Any organization you donate to must be 501(c)(3) tax-exempt, but not every organization will have the same donation percentage that you can deduct on your taxes. If you donate with your taxes in mind, verify the status of the organization through a third party and ask the organization directly what percentage of the donation will be deductible. And don’t forget to ask for a receipt!

Generally, you can deduct up to 60% of your adjusted gross income in charitable donations. However, depending on the type of organization and type of contribution, you may be limited to 20%, 30%, or 50%.

When donating to churches, hospitals, and government organizations, you can deduct donations up to 50% of your adjusted gross income. Other organizations will typically allow you to deduct donations up to 40% of your income. You cannot deduct donations to unqualified organizations, such as those that actively influence politics or voting.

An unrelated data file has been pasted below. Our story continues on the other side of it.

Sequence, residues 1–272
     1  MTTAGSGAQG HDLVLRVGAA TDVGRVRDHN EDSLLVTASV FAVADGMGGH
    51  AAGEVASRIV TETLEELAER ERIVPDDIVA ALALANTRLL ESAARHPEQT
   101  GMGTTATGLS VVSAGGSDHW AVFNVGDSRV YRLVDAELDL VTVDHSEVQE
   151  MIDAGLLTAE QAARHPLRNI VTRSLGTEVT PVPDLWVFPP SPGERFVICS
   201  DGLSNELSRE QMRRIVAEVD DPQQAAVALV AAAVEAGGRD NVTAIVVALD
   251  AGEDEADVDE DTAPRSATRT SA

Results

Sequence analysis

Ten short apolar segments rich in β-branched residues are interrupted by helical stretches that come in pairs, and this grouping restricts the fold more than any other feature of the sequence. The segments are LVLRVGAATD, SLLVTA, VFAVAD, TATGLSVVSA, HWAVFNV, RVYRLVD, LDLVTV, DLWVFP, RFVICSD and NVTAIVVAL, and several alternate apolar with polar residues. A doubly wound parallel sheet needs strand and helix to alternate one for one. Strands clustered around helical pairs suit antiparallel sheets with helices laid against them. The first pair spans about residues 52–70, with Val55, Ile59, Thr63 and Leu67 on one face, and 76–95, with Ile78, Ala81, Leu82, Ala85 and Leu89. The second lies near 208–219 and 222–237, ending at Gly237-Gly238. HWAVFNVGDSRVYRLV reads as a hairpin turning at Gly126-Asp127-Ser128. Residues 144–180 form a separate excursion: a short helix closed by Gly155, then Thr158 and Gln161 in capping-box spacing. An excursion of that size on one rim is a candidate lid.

If you donate above those percentages, you may be able to apply that deduction to the following tax year. Carryover donations cannot be applied beyond the next five tax years, which is important to keep in mind if you decide to make any large donations.

Percentage limits are in place for all of the donations you make within the tax year. Regardless of how many organizations you donate to, the limitations will still apply.